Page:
Is the Bribery Commission biased?
The acolytes of the ex-president say the Bribery Commission, especially its Secretary General, has launched a ‘witch-hunt’ against the Rajapaksas and their ilk. Such allegations resonate well with the average Sri Lankans, who tend to view those institutions with a healthy dose of cynism during the last ten years, or even before, perhaps since Sarath N. Silva’s tenure as Chief Justice.
It is hard to expect such institutions which had been politicized for decades, to be resurrected, if ever, in a matter of months. However, a careful observer would find that the recent investigations and their timing as challenging that notion.
The recent summoning of the Raajapaksas by the Commission on the eve of the scheduled Parliament debate on the 19th Amendment has proved to be politically inconvenient to the government.
Timing is also inopportune to president Sirisena, who is struggling to unify his political party, SLFP and the political alliance, UPFA ahead of the forthcoming general elections. If it is anything, it tells something important about the transformation of those independent institutions during the past several months.
These institutions, be it the Judiciary, or the Bribery Commission are now acting on their own within their Constitutional mandate.
That is exactly what the independent institutions are meant to be. Rajapaksa during his Presidency made them do his bidding; to lock up the former Army chief turned his Presidential contender, sack the former Chief Justice Shirani Bandaranayake and jail dissenting journalists.
We also have servile State officials who bend backward to cater to the whims and fancies of the Rajapaksas. (After sentencing a journalist for 20 years in prison, the sentencing judge, reportedly bragged with her staff, and asked ‘how is my verdict.’ One sycophant in her chamber replied, “Madam should have given more”.)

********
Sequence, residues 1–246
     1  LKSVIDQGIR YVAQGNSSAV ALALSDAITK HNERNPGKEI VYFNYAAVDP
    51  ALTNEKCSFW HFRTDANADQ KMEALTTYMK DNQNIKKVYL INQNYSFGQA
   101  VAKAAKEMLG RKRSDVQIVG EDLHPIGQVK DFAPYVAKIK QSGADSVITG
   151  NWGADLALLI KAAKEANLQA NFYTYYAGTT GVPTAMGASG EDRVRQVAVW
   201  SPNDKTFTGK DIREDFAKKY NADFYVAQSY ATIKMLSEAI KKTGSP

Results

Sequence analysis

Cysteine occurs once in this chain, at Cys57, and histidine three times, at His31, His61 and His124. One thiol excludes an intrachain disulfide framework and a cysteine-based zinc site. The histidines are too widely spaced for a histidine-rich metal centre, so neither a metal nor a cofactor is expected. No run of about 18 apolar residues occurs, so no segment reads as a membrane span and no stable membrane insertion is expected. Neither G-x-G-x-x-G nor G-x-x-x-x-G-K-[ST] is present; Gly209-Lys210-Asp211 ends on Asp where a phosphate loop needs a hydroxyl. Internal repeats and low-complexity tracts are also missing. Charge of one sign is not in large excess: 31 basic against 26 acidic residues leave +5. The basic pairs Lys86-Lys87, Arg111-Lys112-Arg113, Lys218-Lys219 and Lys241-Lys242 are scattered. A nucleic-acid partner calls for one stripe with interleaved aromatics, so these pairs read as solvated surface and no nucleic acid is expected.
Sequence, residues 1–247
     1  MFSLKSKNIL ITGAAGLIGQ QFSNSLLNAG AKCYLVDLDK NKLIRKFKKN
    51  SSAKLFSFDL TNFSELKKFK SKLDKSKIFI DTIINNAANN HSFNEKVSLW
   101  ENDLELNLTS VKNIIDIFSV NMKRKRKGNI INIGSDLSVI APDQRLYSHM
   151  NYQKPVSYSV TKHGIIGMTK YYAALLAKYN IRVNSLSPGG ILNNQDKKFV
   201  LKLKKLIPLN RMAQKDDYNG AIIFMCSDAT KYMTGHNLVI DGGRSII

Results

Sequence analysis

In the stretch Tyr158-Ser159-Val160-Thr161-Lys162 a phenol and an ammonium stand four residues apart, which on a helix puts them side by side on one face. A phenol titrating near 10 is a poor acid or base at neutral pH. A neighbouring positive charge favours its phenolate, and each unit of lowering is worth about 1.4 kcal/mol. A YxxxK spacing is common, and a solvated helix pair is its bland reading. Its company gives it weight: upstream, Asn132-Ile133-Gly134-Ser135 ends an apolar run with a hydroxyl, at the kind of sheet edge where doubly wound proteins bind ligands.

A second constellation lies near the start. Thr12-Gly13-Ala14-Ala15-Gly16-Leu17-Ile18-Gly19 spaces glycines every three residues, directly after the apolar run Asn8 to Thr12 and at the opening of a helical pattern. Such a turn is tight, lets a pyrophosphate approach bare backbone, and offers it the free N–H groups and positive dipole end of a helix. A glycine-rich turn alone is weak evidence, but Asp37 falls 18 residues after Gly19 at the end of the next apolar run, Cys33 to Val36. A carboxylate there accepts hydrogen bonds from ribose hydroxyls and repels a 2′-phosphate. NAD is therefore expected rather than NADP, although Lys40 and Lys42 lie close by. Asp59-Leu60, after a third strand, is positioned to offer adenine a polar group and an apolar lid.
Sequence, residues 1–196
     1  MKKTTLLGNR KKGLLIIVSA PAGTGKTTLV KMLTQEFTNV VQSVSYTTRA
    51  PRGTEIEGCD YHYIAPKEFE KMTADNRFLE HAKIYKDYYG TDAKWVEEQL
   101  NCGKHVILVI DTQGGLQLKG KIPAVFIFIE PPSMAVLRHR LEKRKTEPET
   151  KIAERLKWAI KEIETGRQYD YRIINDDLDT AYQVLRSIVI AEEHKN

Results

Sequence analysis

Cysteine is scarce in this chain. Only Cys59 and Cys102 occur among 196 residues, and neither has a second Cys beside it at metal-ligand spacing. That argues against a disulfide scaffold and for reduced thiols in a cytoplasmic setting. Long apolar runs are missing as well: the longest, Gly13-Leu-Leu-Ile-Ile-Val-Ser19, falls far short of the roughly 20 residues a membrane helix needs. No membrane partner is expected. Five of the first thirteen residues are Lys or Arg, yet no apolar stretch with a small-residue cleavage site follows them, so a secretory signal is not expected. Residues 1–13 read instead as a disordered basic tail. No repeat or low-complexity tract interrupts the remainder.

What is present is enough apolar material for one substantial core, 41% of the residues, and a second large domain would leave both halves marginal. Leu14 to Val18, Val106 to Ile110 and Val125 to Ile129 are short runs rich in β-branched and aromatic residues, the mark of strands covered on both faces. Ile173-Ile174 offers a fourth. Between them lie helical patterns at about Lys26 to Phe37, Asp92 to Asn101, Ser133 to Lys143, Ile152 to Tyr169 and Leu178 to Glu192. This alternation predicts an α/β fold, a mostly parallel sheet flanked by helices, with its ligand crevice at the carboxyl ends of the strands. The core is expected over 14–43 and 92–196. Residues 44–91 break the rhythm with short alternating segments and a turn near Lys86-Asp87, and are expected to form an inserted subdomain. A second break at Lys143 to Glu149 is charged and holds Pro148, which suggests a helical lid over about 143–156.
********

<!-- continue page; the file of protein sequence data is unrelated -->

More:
Also, in the past, a series of court cases were withdrawn by the Attorney General, effectively freeing, rapists and child molesters among many other politically connected individuals.
Now, at last, our independent institutions are acting independently. Take for example the opinion of the Supreme Court on the 19th Amendment, which is not to the likening of the UNP and shattered Ranil Wickremesinghe’s dream of concentrating powers at the hands of an Executive Prime Minister.
Had it been during the Rajapaksa era, Chief Justice Sripavan should now be bracing for an impeachment motion. His lawful predecessor was impeached at the behest of Rajapaksa after the court delivered an opinion unfavourable to the then regime on the Divi Neguma Bill.
Recent investigations undertaken by the Bribery Commission and the rulings of the Judiciary vindicate the success of institution building exercise undertaken by the new administration.
That process needs to be sustained. However, our failure to duly acknowledge this initial success and the government’s failure to communicate it to the public could well prove to be a costly mistake in the long run. Such a failure only emboldens the forces that have ganged up to roll back the democratic reforms.
Also what is clear is that the success of the institution building process is propped up by the very division of powers between the Presidency and the legislature.
Had not there been a President with a full range of Executive Powers, and also one who has not tempted to abuse them (unlike his predecessors), there is no guarantee that the UNP leadership would not pick the phone to tell the Commissioners of the Bribery Commission to drop the case against Rajapaksa brothers, opting to a grand bargain to incorporate its designs in to the 19th Amendment. (That also highlights the danger of weakening the powers of the Presidency beyond the proper equation of the separation of powers)
Rajapaksas and their stooges prefer a court that kowtow to the President; a Bribery Commission that would do the biddings of the President or the Prime Minister.
Such a court would free the swindlers of millions of rupees of public money, while innocent commoners, like the poor Sigiriya girl are languishing in jail. In theory, all citizens are equal. However, under the Rajapaksas, Rajapaksas and their coterie were more than equal. Rajapaksas and their zombified supporters want to perpetuate that system.
We should not let them succeed.